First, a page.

My starred articles from Google Reader, in Pinboard

There are other online bookmarking tools that can import, so you’ll have to check if your favorite service will import the .json exports from Google Reader. Or, just use Pinboard; it works great.

Now, Get a New RSS Reader App

Now, all you need to do is to get a new way to subscribe to RSS feeds, and move your Google Reader subscriptions over. There’s been a ton of talk online already of new services that’ll be coming out for RSS reading, but you need something today that works great and that isn’t likely to be shut down anytime soon. And if you’re a Google Reader user, you likely want something that works like Google Reader, something that’ll let you read all of your RSS feeds, and not just simply turn the most popular articles into a digital newspaper or something, like most new news apps these days do.

If you’re wanting more of a traditional RSS reader app — perhaps with new features, too, but mainly something that can directly replace Google Reader — here’s the apps you should consider, with some info about each one to help you decide. They’re all ones our team has really used this year, not just a random list of RSS apps that could possibly work, so you really should find the perfect app for you here.


One of the best — and most mentioned online today — new RSS reader apps is NewsBlur. It’s packed with features, letting you subscribe to all of your favorite sites and see their feed entries as an RSS feed, or in an Instapaper-like text view of the full article. Or, you can even browse through the stories in your RSS list right on the original site itself inside of NewsBlur. It’s then got the social features you want, and an algorithm to help surface the stuff you’ll find most interesting. Best of all, it’s a freemium service, so you can get started for free but then pay a dollar a month to help make sure it’ll keep being developed and won’t disappear overnight like Google Reader.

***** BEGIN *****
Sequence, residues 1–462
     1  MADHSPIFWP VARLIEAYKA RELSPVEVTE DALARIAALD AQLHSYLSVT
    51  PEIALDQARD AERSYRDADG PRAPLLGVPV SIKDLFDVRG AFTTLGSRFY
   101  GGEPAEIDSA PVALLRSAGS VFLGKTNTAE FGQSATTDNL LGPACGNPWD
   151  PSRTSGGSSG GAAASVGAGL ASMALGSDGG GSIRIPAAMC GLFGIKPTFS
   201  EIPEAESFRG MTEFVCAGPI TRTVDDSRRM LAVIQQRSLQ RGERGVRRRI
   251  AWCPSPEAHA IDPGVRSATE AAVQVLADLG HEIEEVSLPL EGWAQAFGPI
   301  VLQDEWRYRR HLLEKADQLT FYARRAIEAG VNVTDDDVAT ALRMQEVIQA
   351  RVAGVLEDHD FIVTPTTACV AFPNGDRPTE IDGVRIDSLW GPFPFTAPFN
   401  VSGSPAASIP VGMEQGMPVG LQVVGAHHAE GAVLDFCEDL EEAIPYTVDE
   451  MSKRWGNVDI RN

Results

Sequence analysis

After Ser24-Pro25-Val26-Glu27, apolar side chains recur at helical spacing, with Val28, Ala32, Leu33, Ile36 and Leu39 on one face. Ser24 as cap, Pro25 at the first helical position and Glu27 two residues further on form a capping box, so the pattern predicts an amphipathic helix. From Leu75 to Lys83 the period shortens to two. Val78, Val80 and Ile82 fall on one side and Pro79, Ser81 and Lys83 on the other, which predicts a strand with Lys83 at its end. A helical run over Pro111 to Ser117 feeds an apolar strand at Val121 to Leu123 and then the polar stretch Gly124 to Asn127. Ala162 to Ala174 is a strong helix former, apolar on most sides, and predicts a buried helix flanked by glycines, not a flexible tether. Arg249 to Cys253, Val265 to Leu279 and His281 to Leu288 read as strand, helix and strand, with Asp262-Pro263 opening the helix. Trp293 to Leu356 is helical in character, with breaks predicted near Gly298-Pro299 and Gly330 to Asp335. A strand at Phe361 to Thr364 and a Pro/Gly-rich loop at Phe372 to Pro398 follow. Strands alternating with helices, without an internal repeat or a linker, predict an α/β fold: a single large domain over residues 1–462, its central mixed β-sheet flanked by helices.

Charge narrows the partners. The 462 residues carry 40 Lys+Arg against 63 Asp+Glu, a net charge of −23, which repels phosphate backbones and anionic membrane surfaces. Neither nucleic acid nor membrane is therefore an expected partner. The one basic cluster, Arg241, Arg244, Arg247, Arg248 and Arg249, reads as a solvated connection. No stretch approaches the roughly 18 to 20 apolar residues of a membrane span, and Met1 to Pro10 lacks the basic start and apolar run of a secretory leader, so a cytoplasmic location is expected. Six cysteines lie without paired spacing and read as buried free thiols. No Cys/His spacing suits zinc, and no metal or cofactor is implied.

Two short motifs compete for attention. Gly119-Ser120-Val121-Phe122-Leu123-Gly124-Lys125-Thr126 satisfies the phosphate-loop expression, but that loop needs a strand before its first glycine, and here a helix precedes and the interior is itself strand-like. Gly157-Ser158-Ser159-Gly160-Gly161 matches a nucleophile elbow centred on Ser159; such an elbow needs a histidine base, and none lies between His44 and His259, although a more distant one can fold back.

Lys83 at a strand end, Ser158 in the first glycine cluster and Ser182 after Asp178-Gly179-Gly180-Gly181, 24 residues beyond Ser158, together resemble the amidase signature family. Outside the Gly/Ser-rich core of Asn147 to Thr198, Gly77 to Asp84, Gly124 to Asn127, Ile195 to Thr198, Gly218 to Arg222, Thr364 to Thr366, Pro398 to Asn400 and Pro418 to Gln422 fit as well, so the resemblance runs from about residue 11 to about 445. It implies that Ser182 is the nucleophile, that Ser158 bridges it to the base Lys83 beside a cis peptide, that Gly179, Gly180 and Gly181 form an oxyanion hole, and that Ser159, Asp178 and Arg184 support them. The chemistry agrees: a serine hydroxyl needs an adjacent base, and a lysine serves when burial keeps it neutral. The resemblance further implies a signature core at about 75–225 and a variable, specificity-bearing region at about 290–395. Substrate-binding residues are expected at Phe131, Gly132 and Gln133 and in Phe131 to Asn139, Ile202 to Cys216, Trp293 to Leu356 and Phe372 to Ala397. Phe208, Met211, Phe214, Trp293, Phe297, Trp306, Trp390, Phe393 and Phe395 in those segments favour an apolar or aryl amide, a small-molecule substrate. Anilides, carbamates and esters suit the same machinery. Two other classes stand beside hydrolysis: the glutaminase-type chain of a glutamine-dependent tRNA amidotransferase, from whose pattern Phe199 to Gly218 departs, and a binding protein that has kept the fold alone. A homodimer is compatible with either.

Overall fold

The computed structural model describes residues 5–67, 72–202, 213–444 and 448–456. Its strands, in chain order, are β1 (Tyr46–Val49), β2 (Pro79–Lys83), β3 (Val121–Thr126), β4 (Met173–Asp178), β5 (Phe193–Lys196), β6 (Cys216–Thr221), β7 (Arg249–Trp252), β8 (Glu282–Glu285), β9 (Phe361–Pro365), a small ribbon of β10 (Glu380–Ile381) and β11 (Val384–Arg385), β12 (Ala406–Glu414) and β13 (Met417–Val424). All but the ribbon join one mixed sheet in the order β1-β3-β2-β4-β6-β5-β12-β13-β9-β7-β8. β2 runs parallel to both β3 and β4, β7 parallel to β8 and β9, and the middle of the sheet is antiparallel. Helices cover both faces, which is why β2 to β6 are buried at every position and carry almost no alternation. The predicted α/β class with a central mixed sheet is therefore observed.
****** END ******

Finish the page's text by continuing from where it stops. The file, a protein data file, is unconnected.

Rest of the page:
Price: Free for up to 64 site subscriptions; $1/month for premium account with unlimited subscriptions

Web.AppStorm Review: Intelligently Browse RSS Feeds With NewsBlur


If you always found Google Reader a bit too complex, and didn’t really want something that’d make you feel required to read every single article that came in, then Skimr might be the app you need. It gives you a list of your subscriptions, so you can read each site’s feed entries individually without an inbox showing how behind you are. It’s a really nice solution for RSS reading, and since it now lets you import your OPML file, it just might be the perfect app to move to if you’re looking to simplify things.

Price: Free

Web.AppStorm Review: Skimr: A Slick and Simple RSS Reader


With Google Reader getting shut down, you don’t feel like you can trust any online services. That’s definitely understandable. In that case, Fever might be the best option for you. It’s a self-hosted RSS reader app that you’ll run on your own server or hosting account, so it’ll be online as long as you keep your server running. And don’t get scared off by it being a self-hosted tool: it’s really simple to install, and will take little more than uploading 4 files via FTP, adding a MySQL database, and creating an account.

It’s not in the most active development right now, as Shaun Inman, its creator, has a number of projects he’s working on, but even still, it works great today, has gotten several minor updates in the past few months, and is what I personally just switched to today. I was amazed how easy it was to switch to, and only wish I’d followed our former editor Jarel’s lead to switch to Fever years back. It’s the more geeky option, but it’s sure a nice one.